What is the Political System in Malta?

Malta is a democratic republic with a parliament as its legislative branch, the cabinet of ministers forming part of the executive branch, and finally a judicial branch which is made up of the courts of Malta. The Maltese parliament is elected by the general public for a five year period. The head of state is the president, which is appointed by the parliament. The Prime Minister is the head of the government and oversees a cabinet of ministers.

How is the Healthcare in Malta?

Malta is ranked within the top 5 healthcare systems of the world by the World Health Organisation. The medical care system is available both through public and private hospitals. In Malta, there is one main public hospital (Mater Dei) which is supported by a network of regional health centres. Healthcare is free of charge for all Maltese citizens and residents who pay social security taxes. In addition, tourists from EU countries who hold a European Health Insurance card can also benefit from free healthcare whilst on holiday in Malta. The country also has a number of private hospitals and clinics which offer a broad range of services from blood tests, to scans and surgeries.

What is the Education System in Malta?

Malta’s educational system is one of the top-rated ones in Europe and mostly follows a British curriculum. It is divided into independent, church and state schools. State schools are found in all the main localities in Malta and Gozo and are free of charge to Maltese citizens and to children of those working in Malta. Transport to and from schools is also free, as are books and study material. Church schools are operated by the Catholic church in Malta however due to an agreement with the state, they also do not charge any fees. There are also a good number of independent private schools in Malta which charge tuition fees. In Malta one can also find schools with cater for students with disabilities or learning difficulties.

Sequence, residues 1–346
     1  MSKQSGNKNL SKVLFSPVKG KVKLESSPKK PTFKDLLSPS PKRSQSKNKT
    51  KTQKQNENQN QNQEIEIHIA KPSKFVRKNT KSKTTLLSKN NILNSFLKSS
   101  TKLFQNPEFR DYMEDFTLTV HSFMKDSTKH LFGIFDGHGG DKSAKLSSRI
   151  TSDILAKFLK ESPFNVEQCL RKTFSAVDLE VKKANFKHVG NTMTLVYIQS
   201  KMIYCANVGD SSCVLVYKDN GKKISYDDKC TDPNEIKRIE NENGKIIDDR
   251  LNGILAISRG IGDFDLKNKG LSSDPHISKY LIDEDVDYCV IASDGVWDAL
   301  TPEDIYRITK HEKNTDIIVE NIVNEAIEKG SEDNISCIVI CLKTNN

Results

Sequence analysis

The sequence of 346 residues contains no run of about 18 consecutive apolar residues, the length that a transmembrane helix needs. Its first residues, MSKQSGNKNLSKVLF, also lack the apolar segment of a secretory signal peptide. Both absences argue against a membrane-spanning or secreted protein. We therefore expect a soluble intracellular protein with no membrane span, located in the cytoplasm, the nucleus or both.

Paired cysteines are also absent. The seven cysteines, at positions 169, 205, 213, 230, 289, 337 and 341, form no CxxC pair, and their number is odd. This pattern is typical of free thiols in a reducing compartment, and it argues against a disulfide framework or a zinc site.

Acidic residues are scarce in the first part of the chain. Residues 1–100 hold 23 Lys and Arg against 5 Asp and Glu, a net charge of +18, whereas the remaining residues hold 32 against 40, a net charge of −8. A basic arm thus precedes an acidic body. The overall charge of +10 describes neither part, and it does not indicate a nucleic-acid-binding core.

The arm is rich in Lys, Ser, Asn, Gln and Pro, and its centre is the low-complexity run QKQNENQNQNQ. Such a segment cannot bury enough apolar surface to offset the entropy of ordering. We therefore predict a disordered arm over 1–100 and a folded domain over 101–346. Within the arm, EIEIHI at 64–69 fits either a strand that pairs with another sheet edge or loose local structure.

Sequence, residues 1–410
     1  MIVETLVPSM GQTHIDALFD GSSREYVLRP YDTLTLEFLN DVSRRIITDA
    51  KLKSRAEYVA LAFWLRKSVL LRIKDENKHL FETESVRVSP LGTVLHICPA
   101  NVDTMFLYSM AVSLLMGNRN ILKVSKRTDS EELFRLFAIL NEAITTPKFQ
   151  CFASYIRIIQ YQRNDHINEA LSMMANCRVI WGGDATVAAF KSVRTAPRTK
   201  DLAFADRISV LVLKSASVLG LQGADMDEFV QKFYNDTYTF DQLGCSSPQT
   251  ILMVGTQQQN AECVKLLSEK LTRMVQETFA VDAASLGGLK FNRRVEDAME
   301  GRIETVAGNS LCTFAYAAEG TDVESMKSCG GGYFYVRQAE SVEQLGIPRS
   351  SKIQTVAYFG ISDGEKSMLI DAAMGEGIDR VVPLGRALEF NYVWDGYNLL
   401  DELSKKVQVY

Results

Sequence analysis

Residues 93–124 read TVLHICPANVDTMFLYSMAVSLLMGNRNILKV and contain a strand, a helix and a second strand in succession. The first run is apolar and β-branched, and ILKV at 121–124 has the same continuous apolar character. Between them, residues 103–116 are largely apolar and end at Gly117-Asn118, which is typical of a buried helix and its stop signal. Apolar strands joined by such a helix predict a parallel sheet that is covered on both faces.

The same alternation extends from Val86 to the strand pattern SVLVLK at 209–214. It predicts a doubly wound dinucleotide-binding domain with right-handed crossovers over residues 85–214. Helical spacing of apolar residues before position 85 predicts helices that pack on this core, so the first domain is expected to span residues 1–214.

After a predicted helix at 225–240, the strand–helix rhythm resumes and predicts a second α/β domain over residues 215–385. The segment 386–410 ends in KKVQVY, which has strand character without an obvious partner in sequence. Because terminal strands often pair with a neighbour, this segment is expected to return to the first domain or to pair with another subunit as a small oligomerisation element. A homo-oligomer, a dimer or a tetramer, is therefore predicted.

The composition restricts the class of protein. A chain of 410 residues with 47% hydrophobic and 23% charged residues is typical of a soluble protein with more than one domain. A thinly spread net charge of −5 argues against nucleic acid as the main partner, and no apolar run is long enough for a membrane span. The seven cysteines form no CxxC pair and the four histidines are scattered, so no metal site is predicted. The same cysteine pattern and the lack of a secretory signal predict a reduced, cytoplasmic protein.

The Maltese educational system is structured in four stages: pre-primary (ages three to five), primary (ages five to 11), secondary (ages 11 to 18) and tertiary education. After these stages of education, students can then pursue education at the Malta Junior College, the Malta College for Arts, Science and Technology (MCAST) or the Institute of Tourism Studies.

In terms of tertiary education, Malta has one university (the University of Malta) which is the highest educational institution on the island. It offers a wide range of full time and part time degrees and diploma courses.

What is the Process to Relocating to Malta?

To learn more about the process to relocating to Malta, you can contact us and our team of lawyers and professionals will guide you throughout the entire process.

Vietnam’s economy has been growing substantially over the years with a growth of 8.02% in 2022, the fastest annual growth since 1997. Despite the pandemic, the Vietnamese economy remained strong, making it Southeast Asia’s fastest growing economy. With its booming economy and GDP there has been a rise in the number of Vietnamese high net worth and ultra-high net worth individuals who are seeking better investment opportunities and quality of life in Europe. It is estimated that there are more than 1234 Ultra High Net Worth Individuals in Vietnam, and such number is forecasted to reach 1551 in three years’ time. Such affluent individuals are increasingly interested in investment migration programmes, such as the Malta Permanent Residence Programme in order to give their family better opportunities such as the right to live in a European country indefinitely and visa-free travel within the Schengen Area.

Malta’s Growing Vietnamese Community

Due to Malta’s stable economy, high employment rate, and multiple investment opportunities, Vietnamese nationals are becoming more and more interested in applying for Maltese residency. As published by IMI Daily , 2.9% of the permanent residence permits issued in Malta through the Malta PR programme have been to Vietnamese nationals, falling second just behind Chinese nationals (90%). With a well-established Vietnamese community it goes without saying that Vietnamese nationals make the best out of Malta’s year-round sunshine, relaxing atmosphere, good quality of life and hospitable people.

Life in Malta for Vietnamese Nationals